Galveston, TX

UTMB Galveston National Laboratory scientists discover five ebola vaccines in a joint study supported by NIAID

Jason Martinez

GALVESTON, TX - A new joint study about five types of Ebola vaccine is published in Science Translational Medicine. The leader of this multi-year study, Alexander Bukreyev, Ph.D., of the UTMB Galveston National Laboratory, analyzed whether all the vaccines provided protection and produced strong antibody responses.

This study is supported by grants from the National Institute of Allergy and Infectious Diseases. It is also in collaboration with other scientists from the University of Texas Medical Branch, the Ragon Institute of MGH, MIT and Harvard, the Scripps Research Translational Institute, Virginia-Maryland Regional College of Veterinary Medicine, Vanderbilt University Medical Center, and the Plum Island Animal Disease Center.

The team also examined 139 different immune and vaccine response parameters to see which ones were responsible for improving the “quality of survival.”

“Testing during outbreaks is difficult because of their sporadic nature, and yet much needs to be studied in order to determine the most effective vaccine for combatting this disease. Establishing the signatures of vaccine-generated immunity remains crucial for vaccine design, assessment, and application,” said Bukreyev.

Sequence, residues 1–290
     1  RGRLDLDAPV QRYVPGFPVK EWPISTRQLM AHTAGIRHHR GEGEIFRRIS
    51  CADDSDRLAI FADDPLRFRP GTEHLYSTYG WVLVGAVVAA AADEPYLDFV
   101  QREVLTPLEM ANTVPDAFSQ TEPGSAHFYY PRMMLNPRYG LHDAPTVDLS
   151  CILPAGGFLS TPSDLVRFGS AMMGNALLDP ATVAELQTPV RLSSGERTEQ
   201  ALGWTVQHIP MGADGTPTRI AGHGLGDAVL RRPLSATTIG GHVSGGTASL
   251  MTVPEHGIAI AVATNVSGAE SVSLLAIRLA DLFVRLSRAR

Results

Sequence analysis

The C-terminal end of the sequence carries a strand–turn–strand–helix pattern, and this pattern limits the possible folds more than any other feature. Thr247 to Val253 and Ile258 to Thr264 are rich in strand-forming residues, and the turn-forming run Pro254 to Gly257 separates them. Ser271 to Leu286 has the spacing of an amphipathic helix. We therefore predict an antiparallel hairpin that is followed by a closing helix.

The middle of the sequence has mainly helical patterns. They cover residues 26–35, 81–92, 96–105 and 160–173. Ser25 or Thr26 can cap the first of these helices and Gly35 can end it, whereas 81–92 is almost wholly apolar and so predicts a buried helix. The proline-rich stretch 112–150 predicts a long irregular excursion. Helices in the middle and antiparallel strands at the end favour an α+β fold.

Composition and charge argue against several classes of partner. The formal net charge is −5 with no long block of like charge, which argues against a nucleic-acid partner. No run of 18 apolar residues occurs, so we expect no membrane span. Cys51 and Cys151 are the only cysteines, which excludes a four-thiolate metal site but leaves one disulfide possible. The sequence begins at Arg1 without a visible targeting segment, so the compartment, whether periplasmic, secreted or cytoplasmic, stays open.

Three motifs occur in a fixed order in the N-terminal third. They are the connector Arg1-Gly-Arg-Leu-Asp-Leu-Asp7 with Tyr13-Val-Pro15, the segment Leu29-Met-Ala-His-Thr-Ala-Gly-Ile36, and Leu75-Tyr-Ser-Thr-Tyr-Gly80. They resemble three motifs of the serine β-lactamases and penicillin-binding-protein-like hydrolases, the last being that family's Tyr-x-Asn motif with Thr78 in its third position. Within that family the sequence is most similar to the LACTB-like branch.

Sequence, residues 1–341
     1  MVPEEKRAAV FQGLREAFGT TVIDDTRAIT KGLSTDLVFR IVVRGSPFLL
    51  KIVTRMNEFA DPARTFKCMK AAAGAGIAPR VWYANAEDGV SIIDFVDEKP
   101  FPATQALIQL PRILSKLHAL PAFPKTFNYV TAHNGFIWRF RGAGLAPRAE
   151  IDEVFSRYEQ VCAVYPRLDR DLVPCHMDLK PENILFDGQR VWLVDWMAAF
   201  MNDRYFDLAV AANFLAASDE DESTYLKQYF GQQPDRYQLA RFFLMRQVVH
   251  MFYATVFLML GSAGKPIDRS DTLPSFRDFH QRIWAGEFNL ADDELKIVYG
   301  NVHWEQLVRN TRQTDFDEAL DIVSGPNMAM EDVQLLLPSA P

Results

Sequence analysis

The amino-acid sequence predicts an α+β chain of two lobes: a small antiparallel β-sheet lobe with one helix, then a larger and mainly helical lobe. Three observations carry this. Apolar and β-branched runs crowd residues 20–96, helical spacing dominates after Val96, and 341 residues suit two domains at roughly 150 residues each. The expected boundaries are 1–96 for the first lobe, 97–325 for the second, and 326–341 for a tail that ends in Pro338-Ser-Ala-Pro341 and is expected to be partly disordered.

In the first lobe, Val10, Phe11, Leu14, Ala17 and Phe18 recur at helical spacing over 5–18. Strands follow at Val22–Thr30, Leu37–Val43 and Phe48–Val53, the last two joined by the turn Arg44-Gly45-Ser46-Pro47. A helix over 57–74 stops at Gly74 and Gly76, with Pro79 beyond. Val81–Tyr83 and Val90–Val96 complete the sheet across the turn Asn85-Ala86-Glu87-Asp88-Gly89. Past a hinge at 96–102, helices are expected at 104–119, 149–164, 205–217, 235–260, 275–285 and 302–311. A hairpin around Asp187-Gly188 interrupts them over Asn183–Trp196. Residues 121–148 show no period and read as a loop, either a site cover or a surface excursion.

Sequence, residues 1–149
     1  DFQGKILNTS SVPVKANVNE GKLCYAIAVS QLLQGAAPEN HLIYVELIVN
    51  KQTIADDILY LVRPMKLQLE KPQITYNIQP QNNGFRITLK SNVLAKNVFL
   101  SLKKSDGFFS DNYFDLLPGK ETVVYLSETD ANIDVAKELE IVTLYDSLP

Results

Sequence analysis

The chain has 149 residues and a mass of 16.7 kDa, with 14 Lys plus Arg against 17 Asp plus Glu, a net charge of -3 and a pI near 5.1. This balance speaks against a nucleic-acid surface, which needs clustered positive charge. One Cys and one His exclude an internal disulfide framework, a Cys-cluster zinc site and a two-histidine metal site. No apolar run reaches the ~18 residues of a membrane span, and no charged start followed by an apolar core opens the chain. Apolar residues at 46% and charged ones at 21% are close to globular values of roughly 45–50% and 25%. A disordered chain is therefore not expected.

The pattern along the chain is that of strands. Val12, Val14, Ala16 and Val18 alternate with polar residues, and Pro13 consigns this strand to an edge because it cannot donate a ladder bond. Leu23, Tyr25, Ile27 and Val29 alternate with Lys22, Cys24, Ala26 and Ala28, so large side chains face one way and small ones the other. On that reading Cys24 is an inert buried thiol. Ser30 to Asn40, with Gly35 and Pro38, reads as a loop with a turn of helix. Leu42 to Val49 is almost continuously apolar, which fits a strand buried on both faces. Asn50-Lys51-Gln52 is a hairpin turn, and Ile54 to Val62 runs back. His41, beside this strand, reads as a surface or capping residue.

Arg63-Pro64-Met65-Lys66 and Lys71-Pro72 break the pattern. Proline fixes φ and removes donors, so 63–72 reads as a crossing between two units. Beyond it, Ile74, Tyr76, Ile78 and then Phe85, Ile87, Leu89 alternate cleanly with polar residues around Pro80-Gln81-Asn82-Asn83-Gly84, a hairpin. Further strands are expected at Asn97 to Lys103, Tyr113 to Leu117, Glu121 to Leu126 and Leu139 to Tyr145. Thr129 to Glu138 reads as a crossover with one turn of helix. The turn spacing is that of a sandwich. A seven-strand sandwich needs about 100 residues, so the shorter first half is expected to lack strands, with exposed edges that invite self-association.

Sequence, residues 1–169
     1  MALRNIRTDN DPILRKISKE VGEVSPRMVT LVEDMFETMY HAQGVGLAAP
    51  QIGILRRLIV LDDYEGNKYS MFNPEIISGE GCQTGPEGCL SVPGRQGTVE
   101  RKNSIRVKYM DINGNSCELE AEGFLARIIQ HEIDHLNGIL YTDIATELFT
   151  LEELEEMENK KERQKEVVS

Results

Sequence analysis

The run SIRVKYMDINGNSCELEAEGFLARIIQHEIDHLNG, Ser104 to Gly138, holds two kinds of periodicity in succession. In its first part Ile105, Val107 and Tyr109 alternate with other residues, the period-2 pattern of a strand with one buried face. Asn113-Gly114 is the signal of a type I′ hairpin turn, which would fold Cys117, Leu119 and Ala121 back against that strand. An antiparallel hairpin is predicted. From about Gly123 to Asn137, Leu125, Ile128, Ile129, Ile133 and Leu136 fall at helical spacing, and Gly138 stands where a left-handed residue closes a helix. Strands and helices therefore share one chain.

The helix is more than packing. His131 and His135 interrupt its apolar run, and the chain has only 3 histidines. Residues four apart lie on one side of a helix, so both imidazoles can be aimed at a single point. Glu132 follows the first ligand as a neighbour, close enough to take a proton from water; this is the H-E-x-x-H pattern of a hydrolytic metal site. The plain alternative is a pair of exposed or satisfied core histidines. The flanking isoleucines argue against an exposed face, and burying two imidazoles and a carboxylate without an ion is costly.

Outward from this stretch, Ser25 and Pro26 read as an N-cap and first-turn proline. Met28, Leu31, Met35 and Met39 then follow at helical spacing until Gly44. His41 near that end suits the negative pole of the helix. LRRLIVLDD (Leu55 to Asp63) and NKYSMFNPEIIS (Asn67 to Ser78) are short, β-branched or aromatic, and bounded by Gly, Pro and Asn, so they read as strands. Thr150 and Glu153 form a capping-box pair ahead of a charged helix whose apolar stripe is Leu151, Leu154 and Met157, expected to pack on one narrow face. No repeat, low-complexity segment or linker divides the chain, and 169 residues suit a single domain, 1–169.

Meanwhile, the lead author of the paper, Research Scientist Michelle Meyer, Ph.D., of UTMB reported that Ebola vaccine-induced protection in non-human primates correlates with antibody specificity and Fc-mediated effects, which reports the efficacy results of the vaccines in cynomolgus macaques challenged with EBOV.

There are five mucosal vaccines tested differed in the degree of protection against death and disease, varied from disease-free survival to only partial protection.

Meyer also suggests that vaccines need to do more than allow for survival and ideally resulted to stop the virus replication and abate disease.

Furthermore, to evaluate antibody features that are relevant and potentially predictive of protection, the team applied a survival index in the analysis which combined several parameters of EBOV disease to allow for correlations with improved infection outcomes.

During the most recent Ebola outbreaks in Sierra Leone and the Democratic Republic of Congo, there are over 300,000 people were vaccinated. Meyer also mentioned that deciphering the immune responses to vaccination that correlate with protection is imperative to predict the efficacy of vaccines in humans.

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